Reflections on EDAC-ATAC 2014 Conference

Last week I had the opportunity to attend and present at the Eating Disorders Association of Canada (EDAC-ATAC) Biennial Conference in Vancouver, BC. I was presenting part of my Masters thesis, which felt great. I always love talking to clinicians in the field, and I found that this was a very practical and applied-focused conference.

I sometimes feel like somewhat of an outsider at eating disorders conferences as I am “research only”- I do not have the credentials to counsel or treat individuals with eating disorders. However, I felt quite welcome at this conference. People were quite willing to engage with a relative newbie, in typical Canadian fashion.

If you follow me on Twitter, you’ll have noticed that I was tweeting up a storm. You might also have noticed that I was one of the only people doing so. I learned that this association is relatively new, in its … Continue reading →

Gendering the Pro-Anorexia Paradox: Men in Pro-Ana Spaces

When someone says “pro-ana,” what comes to mind? Likely, given the strong reactions pro-anorexia websites provoke, you may be able to conjure up an image of what would take place in such a forum. Thoughts of “thinspiration,” emaciated and waif-like images, and starving tips likely spring to mind, alongside considerations of the dangers of a community that would encourage behaviors that can be very harmful to health.

I’d venture to say that it is unlikely that you have pictured a man participating in these sites. Given that we know that men get eating disorders too, and that they may feel alienated in their struggles, is it surprising that some might seek out online communities, including pro-ana?

As Tetyana noted in previous posts on pro-ana (here and here), these sites can serve a harm reduction purpose and/or provide a space for sufferers to openly and honestly share their struggles … Continue reading →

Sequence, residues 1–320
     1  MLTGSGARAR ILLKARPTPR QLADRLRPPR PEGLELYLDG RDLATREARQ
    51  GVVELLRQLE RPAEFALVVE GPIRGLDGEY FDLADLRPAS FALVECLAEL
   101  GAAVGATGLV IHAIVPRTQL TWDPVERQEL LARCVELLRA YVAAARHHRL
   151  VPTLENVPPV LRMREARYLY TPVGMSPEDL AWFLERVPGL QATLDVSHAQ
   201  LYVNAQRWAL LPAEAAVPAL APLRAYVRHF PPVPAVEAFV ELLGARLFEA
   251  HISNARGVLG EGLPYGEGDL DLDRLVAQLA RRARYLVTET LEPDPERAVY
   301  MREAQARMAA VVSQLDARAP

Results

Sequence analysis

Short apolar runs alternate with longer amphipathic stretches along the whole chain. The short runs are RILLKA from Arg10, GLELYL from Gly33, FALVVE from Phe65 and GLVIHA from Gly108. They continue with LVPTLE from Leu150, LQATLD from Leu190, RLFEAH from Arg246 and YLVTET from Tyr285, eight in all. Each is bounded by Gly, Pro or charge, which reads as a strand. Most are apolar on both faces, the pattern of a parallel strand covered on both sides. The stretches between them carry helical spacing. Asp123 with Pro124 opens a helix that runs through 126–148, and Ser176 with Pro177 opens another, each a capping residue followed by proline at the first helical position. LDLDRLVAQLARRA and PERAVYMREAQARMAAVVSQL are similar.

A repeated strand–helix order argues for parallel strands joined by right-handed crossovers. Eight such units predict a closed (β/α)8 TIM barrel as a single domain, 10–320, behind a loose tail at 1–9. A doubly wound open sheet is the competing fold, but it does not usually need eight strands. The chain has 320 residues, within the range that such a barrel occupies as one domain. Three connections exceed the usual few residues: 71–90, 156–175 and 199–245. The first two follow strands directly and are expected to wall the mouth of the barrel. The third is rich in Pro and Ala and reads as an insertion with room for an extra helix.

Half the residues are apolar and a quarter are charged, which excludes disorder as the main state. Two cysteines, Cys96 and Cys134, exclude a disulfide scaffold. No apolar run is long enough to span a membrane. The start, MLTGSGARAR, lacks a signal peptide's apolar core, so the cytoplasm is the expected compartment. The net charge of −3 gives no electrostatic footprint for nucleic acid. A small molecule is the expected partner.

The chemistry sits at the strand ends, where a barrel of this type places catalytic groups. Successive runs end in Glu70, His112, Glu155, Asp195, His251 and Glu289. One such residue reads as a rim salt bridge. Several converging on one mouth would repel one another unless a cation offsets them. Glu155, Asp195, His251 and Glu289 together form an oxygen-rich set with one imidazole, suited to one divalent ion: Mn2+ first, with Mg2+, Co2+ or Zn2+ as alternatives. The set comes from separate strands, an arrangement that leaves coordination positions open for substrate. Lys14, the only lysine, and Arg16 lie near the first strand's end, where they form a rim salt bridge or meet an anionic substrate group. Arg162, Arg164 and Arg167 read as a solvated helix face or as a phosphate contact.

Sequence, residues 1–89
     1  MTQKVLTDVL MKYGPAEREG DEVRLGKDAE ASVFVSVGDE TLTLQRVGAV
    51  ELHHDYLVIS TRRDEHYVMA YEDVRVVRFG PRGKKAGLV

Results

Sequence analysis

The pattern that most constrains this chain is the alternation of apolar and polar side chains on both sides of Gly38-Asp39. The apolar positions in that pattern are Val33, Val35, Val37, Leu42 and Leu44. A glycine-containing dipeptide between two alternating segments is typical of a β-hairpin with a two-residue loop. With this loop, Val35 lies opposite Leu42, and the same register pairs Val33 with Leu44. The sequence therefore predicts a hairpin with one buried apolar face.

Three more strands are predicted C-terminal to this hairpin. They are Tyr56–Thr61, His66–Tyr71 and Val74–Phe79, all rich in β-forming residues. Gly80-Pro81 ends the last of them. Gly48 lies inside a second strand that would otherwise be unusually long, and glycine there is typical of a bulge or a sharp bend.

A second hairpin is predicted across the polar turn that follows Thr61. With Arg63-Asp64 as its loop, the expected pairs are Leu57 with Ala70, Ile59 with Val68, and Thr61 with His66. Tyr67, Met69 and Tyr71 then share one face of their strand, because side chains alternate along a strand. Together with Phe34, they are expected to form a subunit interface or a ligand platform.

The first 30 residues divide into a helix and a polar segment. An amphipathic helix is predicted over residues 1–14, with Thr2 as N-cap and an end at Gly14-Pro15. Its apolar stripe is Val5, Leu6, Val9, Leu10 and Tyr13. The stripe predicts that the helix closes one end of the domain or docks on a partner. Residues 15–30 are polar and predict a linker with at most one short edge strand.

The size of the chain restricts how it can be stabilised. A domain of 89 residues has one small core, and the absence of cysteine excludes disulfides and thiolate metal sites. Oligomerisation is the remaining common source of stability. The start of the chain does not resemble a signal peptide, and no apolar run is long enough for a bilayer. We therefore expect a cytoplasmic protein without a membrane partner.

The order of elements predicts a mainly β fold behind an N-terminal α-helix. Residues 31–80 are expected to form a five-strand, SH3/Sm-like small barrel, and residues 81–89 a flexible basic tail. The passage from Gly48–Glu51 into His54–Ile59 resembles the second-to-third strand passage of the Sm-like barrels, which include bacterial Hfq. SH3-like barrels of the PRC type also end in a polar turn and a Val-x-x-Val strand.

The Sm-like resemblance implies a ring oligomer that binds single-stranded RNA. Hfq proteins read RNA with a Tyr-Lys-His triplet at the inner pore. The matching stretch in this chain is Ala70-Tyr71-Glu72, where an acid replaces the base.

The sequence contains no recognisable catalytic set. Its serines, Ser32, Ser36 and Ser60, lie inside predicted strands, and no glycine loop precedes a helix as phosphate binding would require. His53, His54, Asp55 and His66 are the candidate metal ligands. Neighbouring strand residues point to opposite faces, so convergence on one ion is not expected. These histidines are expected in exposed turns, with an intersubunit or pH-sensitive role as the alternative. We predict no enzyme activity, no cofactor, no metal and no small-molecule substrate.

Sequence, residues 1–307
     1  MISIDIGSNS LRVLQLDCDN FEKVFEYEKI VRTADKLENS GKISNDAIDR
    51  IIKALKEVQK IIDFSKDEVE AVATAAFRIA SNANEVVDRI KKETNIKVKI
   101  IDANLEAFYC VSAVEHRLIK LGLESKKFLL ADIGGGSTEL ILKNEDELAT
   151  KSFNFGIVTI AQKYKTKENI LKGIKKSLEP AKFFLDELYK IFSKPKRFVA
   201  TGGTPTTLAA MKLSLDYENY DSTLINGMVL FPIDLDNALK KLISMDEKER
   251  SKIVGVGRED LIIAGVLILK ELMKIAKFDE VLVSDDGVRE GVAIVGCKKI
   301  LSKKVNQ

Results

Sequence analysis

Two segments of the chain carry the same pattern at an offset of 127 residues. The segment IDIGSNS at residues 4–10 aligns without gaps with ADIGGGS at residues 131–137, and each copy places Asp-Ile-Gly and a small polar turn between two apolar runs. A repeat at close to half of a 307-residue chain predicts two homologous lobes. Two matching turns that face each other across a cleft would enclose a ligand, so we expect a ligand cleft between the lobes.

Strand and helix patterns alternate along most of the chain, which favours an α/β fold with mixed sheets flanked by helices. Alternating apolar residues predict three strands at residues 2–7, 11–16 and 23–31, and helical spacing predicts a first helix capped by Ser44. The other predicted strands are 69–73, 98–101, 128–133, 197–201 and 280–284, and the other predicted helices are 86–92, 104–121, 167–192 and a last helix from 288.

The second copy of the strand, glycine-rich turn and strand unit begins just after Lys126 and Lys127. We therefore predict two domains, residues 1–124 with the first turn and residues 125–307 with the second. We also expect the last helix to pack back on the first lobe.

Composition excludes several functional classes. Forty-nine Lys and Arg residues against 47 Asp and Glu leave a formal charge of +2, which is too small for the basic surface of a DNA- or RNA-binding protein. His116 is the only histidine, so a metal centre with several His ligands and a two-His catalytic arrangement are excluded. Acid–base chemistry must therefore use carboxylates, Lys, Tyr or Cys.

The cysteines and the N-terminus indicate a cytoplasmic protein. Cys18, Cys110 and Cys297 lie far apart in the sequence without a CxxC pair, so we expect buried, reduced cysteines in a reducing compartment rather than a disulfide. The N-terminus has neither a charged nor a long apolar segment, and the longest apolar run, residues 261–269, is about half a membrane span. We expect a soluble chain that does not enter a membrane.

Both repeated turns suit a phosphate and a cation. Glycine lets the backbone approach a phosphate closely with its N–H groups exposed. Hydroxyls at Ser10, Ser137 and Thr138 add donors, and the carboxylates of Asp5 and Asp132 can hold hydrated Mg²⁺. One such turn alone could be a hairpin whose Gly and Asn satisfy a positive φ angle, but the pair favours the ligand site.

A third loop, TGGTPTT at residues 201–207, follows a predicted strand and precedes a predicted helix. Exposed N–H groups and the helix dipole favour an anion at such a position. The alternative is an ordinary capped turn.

Why Banning Pro-Ana is a Bad Idea

Is banning content that is thought to “promote” eating disorders such as anorexia nervosa (pro-ana) a good idea? I want to put aside the question of whether the goal is even possible (I would argue that it is not) and focus instead on what might happen if pro-ana content is banned or threatened to be banned from mainstream social networks, blogging platforms, and web hosts.

If you only read mainstream news media, you might think that pro-eating disorder websites are evil communities seeking to lure unsuspecting young adolescents into a world of extreme dieting, lying, and who knows what else, all under the guise of being a “lifestyle.”

Well, as I’ve blogged before, the picture is not so simple:

Ultimately, it seems that the support on offer on pro-ana websites is—for all the scare stories about “purging tips” and users egging one another on with their latest BMIs—little more

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What Really Goes On Inside Pro-Ana Communities? (Maybe They Are Not So Bad After All)

Ambivalence is a great word to describe how many eating disorder patients feel about recovery. Many people that follow my Science of Eating Disorders tumblr run thinspo blogs. But, they follow me, and many probably follow fyoured, which offers pro-recovery advice. Many people might want to recover someday, but they feel they can’t let go of the behaviours now. They are not denying their illness, or that recovery will happen, or that it really IS a disorder, but, right now, recovery is just not an option.

Bear with me for a moment. Suspend your judgements and gut-reactions to “proana/mia.”

Eating disorders are highly stigmatized. Most people don’t understand them. Physicians, nurses, and healthcare staff are often no better than the public. Treatment itself can have negative consequences. In a recent study, “more than half of all nurses and residents (58.2%) thought that ED patients … Continue reading →